Weight: 337.23 g. Diam: 13.7 cm
Provenance: no indication; Constantinople?
Hammered, punched, chiselled and chased. The maenad on the face of the plate embossed by repeated hammering and chasing, working up the relief and pushing back the background. The foot-ring made separately and fusion-welded on the underside, five stamps struck on with a die within its circumference.
Condition: the surface on the edge of the plate and especially on the side behind the maenad starred with a multitude of infinitesimal nicks. A pointed dent next to the roptron, the whole plate somewhat worn on both surfaces, its edge worn and nicked, the foot-ring slightly bent. The silver lightly stained and with a few blackish traces.
The face of the plate is decorated with a maenad dressed in a sleeveless long chiton girded below the breasts and a himation. She advances almost in a dance-like step, as she looks out from the plate, her left arm extending forward holds in the upraised hand a bell, while her extended lower right hand holds a roptron . The back of the plate has a leaf-scroll between concentric lines around the foot-ring which encloses five control stamps of varying size and content which date the dish to the later part of Justinian's reign (527-565).
The closest parallel for the maenad is the later and larger plate of a dancing maenad with Silenos in St. Petersburg  which also has five control stamps. A closer comparison for the maenad's stance is the tondo of a plate in Berlin  which has been dated in the 4th century A.D. as coming from Thebes in Egypt and must be a classical predecessor. On both plates the scene is outdoors, as shown on the back of this dish by the leaf-scroll and the suggestions of plant life on its face. For the roptron a fragment of a large tapestry in Riggisberg  , also from Egypt and dated to the 4th century, illustrates a figure holding one  in a Dionysiac scene.
It has been said that our dish is from the same workshop as the plate, also in St. Petersburg, from Ust'-Kishert'  near Perm, on account of the foliate design on its face and the control stamps at the back.
M.-X. Garezou has identified the instrument depicted in these various illustrations as representing a roptron, basing herself on E. Bushala's  brilliant article on its form and function as a musical instrument - inferred from ancient texts as being a noise maker or clapper to be used primarily to beat time in orgiastic dancing. She concludes that it would have been an instrument with a bronze handle from which dangled a leather strap used to strike, functioning as a percussion instrument (Plutarch). The leather strap might even have been a sort of pouch containing something to rattle that would give two different sounds when striking.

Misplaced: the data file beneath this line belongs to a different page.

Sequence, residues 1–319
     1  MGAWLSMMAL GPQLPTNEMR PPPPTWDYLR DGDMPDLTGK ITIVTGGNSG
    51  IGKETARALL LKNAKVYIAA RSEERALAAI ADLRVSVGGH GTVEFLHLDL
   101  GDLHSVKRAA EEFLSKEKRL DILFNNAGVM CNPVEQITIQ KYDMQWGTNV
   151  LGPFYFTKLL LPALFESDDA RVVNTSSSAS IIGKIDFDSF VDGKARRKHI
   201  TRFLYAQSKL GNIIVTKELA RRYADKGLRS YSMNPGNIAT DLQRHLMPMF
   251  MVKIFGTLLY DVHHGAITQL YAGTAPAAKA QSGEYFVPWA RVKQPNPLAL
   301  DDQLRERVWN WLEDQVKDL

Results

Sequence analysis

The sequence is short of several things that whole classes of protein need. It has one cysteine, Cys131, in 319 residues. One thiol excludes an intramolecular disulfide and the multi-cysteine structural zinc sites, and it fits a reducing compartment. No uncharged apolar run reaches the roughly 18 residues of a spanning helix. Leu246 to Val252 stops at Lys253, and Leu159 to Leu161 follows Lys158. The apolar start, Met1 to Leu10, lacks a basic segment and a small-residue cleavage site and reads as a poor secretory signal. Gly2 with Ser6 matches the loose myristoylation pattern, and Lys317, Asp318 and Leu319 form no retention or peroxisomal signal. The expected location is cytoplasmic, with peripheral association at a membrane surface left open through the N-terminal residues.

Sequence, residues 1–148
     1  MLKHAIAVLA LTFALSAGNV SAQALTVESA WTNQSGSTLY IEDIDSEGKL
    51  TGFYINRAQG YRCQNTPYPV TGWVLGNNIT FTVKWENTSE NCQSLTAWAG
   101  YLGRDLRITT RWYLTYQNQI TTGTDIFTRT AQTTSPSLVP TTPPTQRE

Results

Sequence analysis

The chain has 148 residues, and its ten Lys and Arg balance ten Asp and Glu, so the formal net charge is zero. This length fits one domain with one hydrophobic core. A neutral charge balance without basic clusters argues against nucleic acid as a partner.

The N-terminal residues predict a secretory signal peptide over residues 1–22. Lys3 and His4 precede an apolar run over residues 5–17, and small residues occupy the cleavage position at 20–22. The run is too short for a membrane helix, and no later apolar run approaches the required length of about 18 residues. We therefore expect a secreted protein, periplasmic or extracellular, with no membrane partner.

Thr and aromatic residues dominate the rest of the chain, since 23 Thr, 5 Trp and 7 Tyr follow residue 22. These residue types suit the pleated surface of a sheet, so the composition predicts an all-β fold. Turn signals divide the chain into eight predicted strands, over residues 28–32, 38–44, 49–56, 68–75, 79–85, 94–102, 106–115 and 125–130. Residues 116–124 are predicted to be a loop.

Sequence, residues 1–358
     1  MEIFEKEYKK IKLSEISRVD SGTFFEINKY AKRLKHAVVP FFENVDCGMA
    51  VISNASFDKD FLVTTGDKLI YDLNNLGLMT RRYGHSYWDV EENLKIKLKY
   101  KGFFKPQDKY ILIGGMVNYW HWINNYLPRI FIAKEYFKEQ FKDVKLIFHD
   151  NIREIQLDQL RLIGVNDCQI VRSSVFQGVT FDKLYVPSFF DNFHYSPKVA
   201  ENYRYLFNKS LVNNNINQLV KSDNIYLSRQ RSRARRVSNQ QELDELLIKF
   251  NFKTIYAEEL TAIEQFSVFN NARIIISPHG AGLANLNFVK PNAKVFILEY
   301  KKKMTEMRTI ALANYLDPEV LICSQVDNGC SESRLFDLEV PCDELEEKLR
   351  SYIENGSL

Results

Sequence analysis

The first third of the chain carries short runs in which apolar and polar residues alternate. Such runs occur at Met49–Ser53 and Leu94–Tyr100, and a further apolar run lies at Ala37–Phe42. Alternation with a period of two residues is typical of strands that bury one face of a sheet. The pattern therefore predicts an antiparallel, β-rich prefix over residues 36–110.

Nonnos, she tells us, reveals its mystical function and thus it is to be considered with the thyrsus and the cista as an essential instrument of Dionysiac mysteries. She deduces that it must have been a polyvalent instrument used in war, in peace, in religious ceremonies, in profane life, and, by interpretation of an ivory in Paris , may also have been associated with the awakening of the infant Dionysos.
In conclusion, the present dish is surely a product of a metropolitan Constantinople workshop and illustrates the survival of classical models. Since the meaning of the mysteries was lost, their representation had become innocuous, and during the whole Byzantine period percussion instruments continued, says M.-X. Garezou, to be used. She even adds that Dionysiac music has survived to our days in the folklore of Greece. This author would like to refer to the end of the entry on the parade belt, cat. no. 247, where, as here and in the same spirit, the new Christian religion assimilated the traditions of the past.
Exhibited and Published:
Age of Spirituality, cat. no. 128, pp. 149-150 ill.
Splendeur de Byzance, cat. no. O.4, pp. 134-135 ill.
Toynbee, J.M.C., Painter, K.S.: Silver Picture Plates of Late Antiquity: A.D. 300 to 700, Archaeologia 108, 1986, no. 40, pp. 19, 38, pl. XVIIc. Garezou, M.-X.: Le roptron et la clochette: musique dionysiaque sur un plat byzantin. AntK 36, 2, 1993, pp. 111-119, pl. 28-30.
1 Garezou, M.-X.: AntK 36, 2, 1993, pp. 111-119, pl. 28-30.
2 Hermitage Museum W 282: Garezou, M.-X.: op. cit., pl. 28,1.
3 Antikenmuseum Misc. 10824: Heilmeyer, W.-D.: Antikenmuseum Berlin (Berlin, 1988) no. 5, pp. 348-349. It represents in low relief a bucolic scene with a draped female, child on back, moving forward in the same spirit as the maenad on our dish. There is a very strong similarity in feeling, the tilt of the head, the neck and the general hairdo are similar as are strikingly so the right arm and hand.
4 Abegg-Stiftung 3100: Willers, D.: Zur Deutung eines spätantiken Wandbehangs aus Ägypten, WissZRostock, G-Reihe 37, 1988, p. 79 ff.
5 Garezou, M.-X.: op. cit., p. 118.
6 Shelton, K.J.: Age of Spirituality, no. 128, pp. 149-150; Hermitage Museum W 351: Dodd, E.C.: Byzantine Silver Stamps (Washington, 1961), no. 15, p. 82.
7 Bushala, E.W.: roptron as a Musical Instrument, Greek, Roman and Byzantine Studies 10, 1969, p. 169 ff.
8 Diptych of Bourges, Bibliothèque Nationale 4652: Garezou, M.-X.: op. cit., p. 114 n. 26, pl. 30,1.